08/06/2010 02:13 pm ET Updated Dec 06, 2017

Education News: Recess Round-Up


(Photo by DangApricot)

A round-up of this week's education stories brought to you by The Hechinger Report.

Education in our nation has at its heart race, class, privilege, politics and, oh yeah, people. Take a moment to scroll through some of the week's school-related stories below. Our future depends on the quality of our children's education.

Class size: Consider 45 students in a fifth-grade class in Lodi, Calif. But in Central Florida, core classes in grades 4-8 are capped at 22. (Lodi News-Sentinel and Central Florida News 13)

Diversity: There's controversy at Elena Kagan's high school over the resignation of the third principal in five years. A lack of diversity persists at top New York City public schools. (The New York Times)

Equal rights: A letter to the editor about civil-rights groups and the ed reform controversy from the executive director of the Lawyers' Committee for Civil Rights Under Law and the president of the NAACP Legal Defense and Educational Fund. Honestly, can't we all just get along? (The Washington Post)

Evaluating teachers: Aaron Pallas of The Hechinger Report's EyeOnEd blog looks at a D.C. teacher's evaluation and continues his examination of IMPACT, the teacher-evaluation system in District of Columbia public schools, on Valerie Strauss' "Answer Sheet" blog. (The Washington Post)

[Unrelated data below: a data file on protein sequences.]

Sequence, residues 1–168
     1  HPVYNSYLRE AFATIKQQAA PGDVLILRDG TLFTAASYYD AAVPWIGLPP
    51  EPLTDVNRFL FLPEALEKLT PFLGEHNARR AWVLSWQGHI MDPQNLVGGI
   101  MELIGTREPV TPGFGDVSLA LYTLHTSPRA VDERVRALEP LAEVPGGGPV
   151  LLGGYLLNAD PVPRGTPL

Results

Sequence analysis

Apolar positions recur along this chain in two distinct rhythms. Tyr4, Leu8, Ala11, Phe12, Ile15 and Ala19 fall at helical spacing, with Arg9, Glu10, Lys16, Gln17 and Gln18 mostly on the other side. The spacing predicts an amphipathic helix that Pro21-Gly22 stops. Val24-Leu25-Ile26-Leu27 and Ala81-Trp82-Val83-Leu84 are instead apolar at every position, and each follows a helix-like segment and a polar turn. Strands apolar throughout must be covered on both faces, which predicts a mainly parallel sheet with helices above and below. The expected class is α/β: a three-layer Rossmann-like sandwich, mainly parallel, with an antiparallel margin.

Public Waldorf schools: They are booming in Sacramento -- but are they legal? (The Sacramento Bee)

Pre-k budgets slashed: "States are cutting hundreds of millions from their prekindergarten budgets, undermining years of working to help young children -- particularly poor kids -- get ready for school." (AP via UCLA / IDEA Newsroom)

A take-away from the "Early Childhood 2010: Innovation for the Next Generation" conference this week, hosted by the U.S. Department of Health and Human Services and the U.S. Department of Education: a policy board to improve the quality of early learning programs and outcomes for young children. (Board Buzz)

Common standards: On the last day to earn points in Race to the Top by signing on, second-round RttT finalists California and Colorado adopted the standards. (Los Angeles Times and Denver Daily News)